One mother fights cancer and loses; another mother fights cancer and dances at her daughter’s wedding.
Sometimes God chooses to step in. Often He does not.
Why?
This is the age old question, is it not?
Why did God do this and not that?
Why, even in Scripture, does God say yes to some and no to others?
Taste
Why did Jesus not heal everyone He came across? Why did He not save everyone from death?
As my Papa used to say, Well, I’ll tell you.
I don’t know.
I’ll tell you what I do know.
This world is broken. It is broken because of sin.
It is broken because of the sin of men.
Our sin.
The ugly in our world?
This is our world as we have made it.
This is our world and we cannot fix it.
We are helpless and hopeless to bring any kind of beauty out of the ugly.
Except.
Except God.
Our God stepped down into the ugly and took on our flesh so that He could be God-with-us, so that He could make everything beautiful again.
hope
This He has done. It is finished.
And yet it is not finished.
The end is certain, yet this world takes time to be restored to its original perfection.
I don’t know why this is so. It feels so long since the days of Christ.
It is, at times, easy to give up, to decide that He is never coming back and that the broken state of our world is its inevitable end.
hope
Except.
Except God.
Except for those moments when God steps in and gives us a taste of what is to come.
Those moments when God steps in and reminds us that a time is coming when there will be no more sickness or grief or pain, when there will be no more veil between Him and His people.
Those moments when God steps in and gives us hope.
This world is broken and full of the ugly and the suffering, and it would remain so for always.
Except.
Except God.

Art Credits: Prayer by Antonio Parreiras; The Pathway of Life by Thomas De Witt Talmage; Prayer by Mednyánszky László; When the King Came by George Hodges; Jesus Christ by Asta Kr; candle-lit cross by Made Sacred

Share on FacebookTweet about this on TwitterPin on PinterestShare on Google+Share on LinkedInShare on StumbleUponEmail this to someone

This Kind of Sorrow

To hear my blog post read aloud, just click the play button. If you’re reading this in an email, you may have to click here to hear the post on my site.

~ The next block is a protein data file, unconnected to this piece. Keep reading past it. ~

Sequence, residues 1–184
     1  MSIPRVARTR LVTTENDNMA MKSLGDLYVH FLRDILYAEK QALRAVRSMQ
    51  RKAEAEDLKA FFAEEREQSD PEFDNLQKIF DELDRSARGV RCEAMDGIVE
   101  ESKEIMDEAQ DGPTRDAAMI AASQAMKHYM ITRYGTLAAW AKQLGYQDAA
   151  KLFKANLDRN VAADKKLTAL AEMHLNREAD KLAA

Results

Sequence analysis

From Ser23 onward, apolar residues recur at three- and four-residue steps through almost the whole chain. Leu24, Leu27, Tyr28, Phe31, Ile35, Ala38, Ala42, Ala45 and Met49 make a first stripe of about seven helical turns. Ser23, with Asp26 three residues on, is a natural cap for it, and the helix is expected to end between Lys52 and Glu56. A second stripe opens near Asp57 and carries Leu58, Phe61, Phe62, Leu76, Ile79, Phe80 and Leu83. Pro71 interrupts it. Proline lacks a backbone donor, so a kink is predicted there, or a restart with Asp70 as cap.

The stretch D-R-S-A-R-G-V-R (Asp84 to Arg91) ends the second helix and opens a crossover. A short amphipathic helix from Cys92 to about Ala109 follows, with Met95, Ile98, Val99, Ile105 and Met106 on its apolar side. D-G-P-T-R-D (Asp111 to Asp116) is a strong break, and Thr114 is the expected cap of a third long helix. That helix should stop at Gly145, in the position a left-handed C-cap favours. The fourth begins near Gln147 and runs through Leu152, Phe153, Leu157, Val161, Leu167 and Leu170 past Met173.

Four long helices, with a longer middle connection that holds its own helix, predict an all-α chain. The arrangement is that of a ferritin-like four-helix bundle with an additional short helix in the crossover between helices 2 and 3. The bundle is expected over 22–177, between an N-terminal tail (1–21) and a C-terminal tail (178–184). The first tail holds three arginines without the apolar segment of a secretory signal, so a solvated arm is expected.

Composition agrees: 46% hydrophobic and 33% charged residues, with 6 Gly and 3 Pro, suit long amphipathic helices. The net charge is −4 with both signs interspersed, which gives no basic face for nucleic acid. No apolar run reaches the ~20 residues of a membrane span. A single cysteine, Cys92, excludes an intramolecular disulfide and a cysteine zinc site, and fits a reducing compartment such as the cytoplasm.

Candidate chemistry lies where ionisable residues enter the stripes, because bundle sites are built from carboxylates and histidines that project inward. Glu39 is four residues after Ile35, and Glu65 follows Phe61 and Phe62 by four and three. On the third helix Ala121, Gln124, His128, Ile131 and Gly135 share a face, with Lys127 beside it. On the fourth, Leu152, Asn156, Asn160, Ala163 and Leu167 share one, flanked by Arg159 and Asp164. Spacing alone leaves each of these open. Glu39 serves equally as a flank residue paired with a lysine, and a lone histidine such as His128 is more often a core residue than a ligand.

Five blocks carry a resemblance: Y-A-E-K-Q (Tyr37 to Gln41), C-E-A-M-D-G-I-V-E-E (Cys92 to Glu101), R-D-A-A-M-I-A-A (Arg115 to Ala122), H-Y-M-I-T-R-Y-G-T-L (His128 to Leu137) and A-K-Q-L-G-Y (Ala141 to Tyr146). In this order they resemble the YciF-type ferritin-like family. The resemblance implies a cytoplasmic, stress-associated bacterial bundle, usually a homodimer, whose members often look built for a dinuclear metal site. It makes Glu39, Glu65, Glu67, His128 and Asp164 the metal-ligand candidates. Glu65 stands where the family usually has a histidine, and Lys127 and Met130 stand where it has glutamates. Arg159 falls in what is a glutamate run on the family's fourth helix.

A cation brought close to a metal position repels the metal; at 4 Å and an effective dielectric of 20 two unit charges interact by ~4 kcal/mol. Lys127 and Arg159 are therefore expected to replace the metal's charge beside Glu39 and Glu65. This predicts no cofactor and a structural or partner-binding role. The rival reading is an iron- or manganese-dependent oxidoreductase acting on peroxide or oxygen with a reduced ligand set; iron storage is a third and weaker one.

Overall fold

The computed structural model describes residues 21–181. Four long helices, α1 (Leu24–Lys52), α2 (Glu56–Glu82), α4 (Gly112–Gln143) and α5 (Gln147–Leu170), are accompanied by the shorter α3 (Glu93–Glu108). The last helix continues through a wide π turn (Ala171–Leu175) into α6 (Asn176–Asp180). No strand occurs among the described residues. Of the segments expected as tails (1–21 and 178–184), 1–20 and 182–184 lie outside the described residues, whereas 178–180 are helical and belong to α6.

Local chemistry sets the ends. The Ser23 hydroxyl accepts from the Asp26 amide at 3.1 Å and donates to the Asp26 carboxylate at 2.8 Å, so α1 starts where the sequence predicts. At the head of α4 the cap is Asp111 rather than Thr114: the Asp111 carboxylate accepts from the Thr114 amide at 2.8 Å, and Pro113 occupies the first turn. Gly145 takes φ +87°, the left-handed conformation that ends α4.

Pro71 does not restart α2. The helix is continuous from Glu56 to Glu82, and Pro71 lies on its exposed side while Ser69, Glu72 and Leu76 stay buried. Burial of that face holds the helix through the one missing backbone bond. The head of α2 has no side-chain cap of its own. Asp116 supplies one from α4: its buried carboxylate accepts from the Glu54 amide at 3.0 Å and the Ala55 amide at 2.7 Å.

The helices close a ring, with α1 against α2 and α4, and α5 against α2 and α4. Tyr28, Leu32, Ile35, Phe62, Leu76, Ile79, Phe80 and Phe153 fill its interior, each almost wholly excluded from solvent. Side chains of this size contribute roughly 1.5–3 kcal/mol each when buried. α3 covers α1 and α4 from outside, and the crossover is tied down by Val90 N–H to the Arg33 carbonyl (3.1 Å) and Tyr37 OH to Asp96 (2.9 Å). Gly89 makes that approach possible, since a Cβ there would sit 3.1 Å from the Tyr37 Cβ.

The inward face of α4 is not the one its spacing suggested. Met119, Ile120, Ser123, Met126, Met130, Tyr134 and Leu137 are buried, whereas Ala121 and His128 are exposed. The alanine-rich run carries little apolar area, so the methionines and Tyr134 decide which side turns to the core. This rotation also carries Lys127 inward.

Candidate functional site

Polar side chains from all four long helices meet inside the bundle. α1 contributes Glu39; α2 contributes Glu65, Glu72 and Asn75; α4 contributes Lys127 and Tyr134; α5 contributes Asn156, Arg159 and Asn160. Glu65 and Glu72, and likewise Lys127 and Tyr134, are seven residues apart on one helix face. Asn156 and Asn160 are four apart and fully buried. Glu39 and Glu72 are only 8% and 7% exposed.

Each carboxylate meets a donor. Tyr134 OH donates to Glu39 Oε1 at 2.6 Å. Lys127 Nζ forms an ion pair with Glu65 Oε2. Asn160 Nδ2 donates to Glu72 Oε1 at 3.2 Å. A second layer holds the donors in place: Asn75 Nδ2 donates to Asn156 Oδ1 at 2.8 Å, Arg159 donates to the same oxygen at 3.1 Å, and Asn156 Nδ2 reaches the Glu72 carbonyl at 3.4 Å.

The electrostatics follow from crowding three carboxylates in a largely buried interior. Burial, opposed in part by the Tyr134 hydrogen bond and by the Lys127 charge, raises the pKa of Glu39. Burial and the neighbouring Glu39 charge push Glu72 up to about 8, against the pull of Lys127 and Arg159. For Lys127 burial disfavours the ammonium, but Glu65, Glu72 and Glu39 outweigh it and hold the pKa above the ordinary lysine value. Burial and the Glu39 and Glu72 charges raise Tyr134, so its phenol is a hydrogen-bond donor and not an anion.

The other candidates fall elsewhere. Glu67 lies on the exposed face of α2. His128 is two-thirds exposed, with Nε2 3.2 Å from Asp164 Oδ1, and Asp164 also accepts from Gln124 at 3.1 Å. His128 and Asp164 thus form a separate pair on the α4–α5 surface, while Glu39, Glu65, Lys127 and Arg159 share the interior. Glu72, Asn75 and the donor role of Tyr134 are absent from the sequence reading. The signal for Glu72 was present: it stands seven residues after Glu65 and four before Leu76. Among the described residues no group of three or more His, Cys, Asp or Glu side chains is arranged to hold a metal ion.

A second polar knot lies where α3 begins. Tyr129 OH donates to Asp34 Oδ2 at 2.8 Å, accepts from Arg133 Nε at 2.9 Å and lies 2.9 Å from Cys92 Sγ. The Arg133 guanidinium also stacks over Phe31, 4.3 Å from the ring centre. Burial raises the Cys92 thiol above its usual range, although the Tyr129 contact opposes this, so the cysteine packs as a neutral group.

Sorrow is common to us all.
Sorrow is part of what it means to live, part of what it means to be human.
Frederick Buechner says that this universal experience is what pulls us together, is what makes us feel akin to each other.
sorrow
Sorrow is what keeps coming back to me as I prepare for this season of Lent.
While we all experience sorrow, only those of us who claim the name of Jesus have experienced the sorrow that comes when we are brought face to face with the shadowless light of God that exposes all of the ugliness deep inside.
It is this kind of sorrow that leads to the cross of Christ.
It is this kind of sorrow that leads to the beauty of transformation.
It is this kind of sorrow that changes everything.
godly sorrow
Paul says that this kind of sorrow produces hope within that does not fail.
Paul also says that there is a worldly sorrow and a godly sorrow.
The worldly kind of sorrow produces death.
The godly kind of sorrow produces repentance which leads to salvation.
It is this kind of sorrow that breaks us and opens us wide to the painful healing that saves us.
It is this kind of sorrow that I want to lean into this Lent.
repentance
Our God is standing with His arms wide open, offering this kind of sorrow.
“Yet even now,” declare the Lord, “return to Me with all your heart, with fasting, with weeping, and with mourning; and rend your hearts and not your garments.” Return to the LORD your God, for He is gracious and merciful, slow to anger, and abounding in steadfast love. ~ Joel
I attended an Ash Wednesday service at a nearby Lutheran church this week.
We stood and confessed all together that we had sinned, that we had done wrong against God and against each other, that we couldn’t even manage to do the good God had asked of us much less refrain from doing evil.
And then we walked up to the pastor, one by one, and were marked with ashes.
We were marked with ashes as we mourned the wrong we cannot seem to turn away from.
We were marked with ashes in the sign of the cross as we remembered that we are covered by the grace of God.
The pastor looked me straight in the eye and said, “You are marked by the cross of Christ. You are a child of God.”
This is what this kind of sorrow produces.
The gift of becoming children of God.
So lean into your sorrow in this season so that you can settle into the hope of joy for eternity.